Chiefs tackle clinic doctors' heavy workload
Nurses and pharmacists will have to pick up the slack at outpatients'
Plans are afoot to relieve the workload of public clinic doctors who complain of having an average of only 5.6 minutes for each consultation, a Hospital Authority source said.
The move comes after the Public Doctors' Association, representing about 300 doctors working at 74 public outpatient clinics, condemned the authority for providing 'second class' services to the public. The doctors said the heavy workload meant they could offer only short consultations even to chronically ill patients. They wrote to the authority earlier this month demanding at least eight minutes per patient, as recommended by the College of Family Physicians.
An authority source said public clinics were facing a dilemma.
'We are under pressure in that if we cut the number of patients a clinic can see in a day, it means some patients have to wait longer for an appointment. There is always pressure from the local community including the district councils to cut the waiting time.
'The problem does not have an easy solution. We have to bring in people from different disciplines to share our doctors' burden.'
The source said the authority planned to have nurses and pharmacists take up more duties such as health and drug education.
'We are also thinking of posting clinical psychologists at clinics so they can be the first point of contact for patients with mood problems,' the source said, adding that in the long run, public patients should be encouraged to use private doctors.
The Policy Address by the chief executive announced a plan to sponsor chronically ill patients in Tin Shui Wai for 10 consultations at private doctors in the district, because public medical services are inadequate in the area.
'The Tin Shui Wai programme will run as a new model for us. If it is successful, we can expand it to other areas so more patients will see private doctors,' the source said.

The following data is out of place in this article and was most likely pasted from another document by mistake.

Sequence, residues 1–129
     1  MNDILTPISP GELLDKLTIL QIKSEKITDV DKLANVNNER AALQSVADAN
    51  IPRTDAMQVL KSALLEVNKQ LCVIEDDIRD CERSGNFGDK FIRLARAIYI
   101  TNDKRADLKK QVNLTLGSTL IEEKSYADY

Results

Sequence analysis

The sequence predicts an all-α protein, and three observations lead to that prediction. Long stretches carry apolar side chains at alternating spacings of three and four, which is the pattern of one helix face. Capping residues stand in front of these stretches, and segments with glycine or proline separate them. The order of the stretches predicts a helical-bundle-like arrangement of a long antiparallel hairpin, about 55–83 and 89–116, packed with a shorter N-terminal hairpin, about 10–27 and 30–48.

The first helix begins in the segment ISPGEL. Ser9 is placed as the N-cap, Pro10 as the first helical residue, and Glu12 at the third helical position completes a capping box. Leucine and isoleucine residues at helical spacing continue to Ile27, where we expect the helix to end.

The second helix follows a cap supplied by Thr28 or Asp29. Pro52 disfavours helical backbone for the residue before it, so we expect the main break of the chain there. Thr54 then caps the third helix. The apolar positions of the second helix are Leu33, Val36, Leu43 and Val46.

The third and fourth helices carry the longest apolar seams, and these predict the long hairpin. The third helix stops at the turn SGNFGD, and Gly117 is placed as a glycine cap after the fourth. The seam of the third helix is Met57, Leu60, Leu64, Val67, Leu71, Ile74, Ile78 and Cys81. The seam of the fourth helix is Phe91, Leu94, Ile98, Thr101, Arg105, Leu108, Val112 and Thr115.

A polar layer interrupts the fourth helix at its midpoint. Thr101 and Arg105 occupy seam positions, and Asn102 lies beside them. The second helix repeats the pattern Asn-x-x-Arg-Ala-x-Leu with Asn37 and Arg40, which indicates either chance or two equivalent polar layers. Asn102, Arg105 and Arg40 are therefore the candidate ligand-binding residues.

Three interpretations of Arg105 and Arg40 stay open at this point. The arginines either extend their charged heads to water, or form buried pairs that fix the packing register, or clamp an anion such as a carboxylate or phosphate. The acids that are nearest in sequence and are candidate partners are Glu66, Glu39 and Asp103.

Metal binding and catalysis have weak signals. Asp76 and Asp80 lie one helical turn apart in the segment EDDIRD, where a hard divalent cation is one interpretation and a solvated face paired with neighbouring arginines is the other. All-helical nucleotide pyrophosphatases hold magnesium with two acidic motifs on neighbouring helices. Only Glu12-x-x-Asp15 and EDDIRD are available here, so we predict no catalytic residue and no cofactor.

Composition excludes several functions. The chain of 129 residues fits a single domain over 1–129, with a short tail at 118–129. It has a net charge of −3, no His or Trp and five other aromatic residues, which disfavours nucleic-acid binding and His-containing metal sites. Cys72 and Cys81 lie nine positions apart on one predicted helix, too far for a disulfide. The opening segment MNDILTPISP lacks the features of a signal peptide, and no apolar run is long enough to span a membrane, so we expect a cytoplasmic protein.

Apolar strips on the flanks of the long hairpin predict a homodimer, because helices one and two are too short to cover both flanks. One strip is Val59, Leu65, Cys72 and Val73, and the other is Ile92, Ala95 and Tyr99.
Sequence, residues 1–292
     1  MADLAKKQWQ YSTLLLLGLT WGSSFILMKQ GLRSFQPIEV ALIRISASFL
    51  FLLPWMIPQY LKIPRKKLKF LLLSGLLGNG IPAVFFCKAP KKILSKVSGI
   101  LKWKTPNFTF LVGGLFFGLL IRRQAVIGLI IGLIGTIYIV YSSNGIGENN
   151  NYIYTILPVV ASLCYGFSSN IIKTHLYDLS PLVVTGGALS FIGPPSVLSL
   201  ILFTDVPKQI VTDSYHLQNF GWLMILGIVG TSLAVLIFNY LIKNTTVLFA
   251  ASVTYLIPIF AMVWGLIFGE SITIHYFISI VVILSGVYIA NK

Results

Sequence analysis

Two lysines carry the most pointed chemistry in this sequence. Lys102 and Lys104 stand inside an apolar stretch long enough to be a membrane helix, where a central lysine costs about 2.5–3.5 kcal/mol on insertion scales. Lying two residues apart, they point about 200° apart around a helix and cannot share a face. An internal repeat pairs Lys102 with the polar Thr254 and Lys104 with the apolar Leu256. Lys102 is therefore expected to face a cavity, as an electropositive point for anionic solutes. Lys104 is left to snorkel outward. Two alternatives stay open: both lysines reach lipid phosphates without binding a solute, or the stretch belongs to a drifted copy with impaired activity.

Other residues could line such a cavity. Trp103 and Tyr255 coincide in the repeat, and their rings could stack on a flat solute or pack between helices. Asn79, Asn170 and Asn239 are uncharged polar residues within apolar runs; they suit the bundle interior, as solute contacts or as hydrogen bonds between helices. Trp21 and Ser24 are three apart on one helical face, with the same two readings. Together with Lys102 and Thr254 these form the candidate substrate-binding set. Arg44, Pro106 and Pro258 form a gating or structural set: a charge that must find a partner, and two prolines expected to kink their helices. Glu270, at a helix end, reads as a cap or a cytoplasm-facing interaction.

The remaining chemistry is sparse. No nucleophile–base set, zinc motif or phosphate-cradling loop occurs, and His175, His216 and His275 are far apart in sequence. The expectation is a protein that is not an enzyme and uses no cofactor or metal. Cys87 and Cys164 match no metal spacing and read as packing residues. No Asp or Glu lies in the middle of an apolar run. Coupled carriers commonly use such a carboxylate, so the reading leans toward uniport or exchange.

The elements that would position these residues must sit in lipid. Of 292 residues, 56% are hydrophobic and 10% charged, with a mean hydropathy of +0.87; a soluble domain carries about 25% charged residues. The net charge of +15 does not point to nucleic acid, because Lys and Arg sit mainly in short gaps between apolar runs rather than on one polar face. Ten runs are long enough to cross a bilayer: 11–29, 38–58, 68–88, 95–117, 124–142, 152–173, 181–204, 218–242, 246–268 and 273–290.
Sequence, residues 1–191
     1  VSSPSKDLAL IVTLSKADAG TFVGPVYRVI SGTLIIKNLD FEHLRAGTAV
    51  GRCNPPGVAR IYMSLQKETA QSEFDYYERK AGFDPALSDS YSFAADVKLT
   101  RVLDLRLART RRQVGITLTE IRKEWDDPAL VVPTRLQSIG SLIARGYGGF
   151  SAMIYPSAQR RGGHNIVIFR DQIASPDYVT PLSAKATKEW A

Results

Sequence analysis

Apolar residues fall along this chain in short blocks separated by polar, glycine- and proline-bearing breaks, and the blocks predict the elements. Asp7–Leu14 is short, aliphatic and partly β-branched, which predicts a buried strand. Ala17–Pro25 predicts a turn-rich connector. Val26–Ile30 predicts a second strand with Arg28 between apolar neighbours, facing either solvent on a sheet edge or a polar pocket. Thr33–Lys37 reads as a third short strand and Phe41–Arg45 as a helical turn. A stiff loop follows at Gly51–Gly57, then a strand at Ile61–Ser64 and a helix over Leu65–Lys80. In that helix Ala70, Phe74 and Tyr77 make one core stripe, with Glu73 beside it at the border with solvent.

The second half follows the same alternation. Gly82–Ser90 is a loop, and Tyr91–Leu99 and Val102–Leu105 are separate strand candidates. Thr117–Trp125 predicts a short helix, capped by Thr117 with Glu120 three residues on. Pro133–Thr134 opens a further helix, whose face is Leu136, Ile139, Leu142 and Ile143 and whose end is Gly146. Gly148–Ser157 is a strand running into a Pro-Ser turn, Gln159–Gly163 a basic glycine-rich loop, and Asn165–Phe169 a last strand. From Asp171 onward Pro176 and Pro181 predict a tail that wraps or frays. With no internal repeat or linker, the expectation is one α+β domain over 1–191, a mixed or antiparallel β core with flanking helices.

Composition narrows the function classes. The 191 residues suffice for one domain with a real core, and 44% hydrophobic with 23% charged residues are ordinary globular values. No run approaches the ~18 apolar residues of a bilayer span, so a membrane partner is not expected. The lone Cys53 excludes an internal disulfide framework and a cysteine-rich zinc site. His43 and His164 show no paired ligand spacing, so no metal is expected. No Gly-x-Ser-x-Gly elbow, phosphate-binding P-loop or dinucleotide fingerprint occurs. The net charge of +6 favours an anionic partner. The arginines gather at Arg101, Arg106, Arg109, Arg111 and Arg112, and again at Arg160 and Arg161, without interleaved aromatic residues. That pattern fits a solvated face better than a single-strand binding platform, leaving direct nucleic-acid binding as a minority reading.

The authority will also train more doctors in family medicine.
College of Family Physicians past president Donald Li Kwok-tung said consultation times were not the only factor in patient satisfaction.
'The college recommends eight minutes for a new case, but whether five or eight minutes is enough very much depends on doctor-patient relations,' Dr Li said.
'If a patient is not willing to talk, the doctor should not drag it on and can arrange an early follow-up consultation.'
Psychiatrists at public hospitals have complained they could only average seven minutes per patient.
'Of course, seven minutes is not enough, but what can we do?' said one psychiatrist who wished to remain unnamed. 'There is a long queue waiting outside the consultation room, and if we spend more time on the first patient, the time on the second patient will be cut.'
Public Doctors' Association vice-president Ho Pak-leung said the union would conduct a survey of 300 public general outpatient clinic doctors on their workloads and occupational illnesses. Dr Ho said doctors' morale was low. 'They sit in the room every day and the authority keeps adding to the number of patients they have to see. Apparently, the authority wants to make up some nice figures, but doctors are frustrated that they have to provide such a poor service. Some complain of neck and back pain because they sit and look at the computer for a long time every day.'
In a letter to the authority on December 10, the Public Doctors Association said computerisation had also put pressure on doctors. 'Many patients have complained that doctors no longer look at them as they have their eyes glued to the computer screen.'
Short medical consultations are a common problem in Hong Kong.
The number of attendances at public outpatient clinics in the 2006/07 financial year was: 4.84m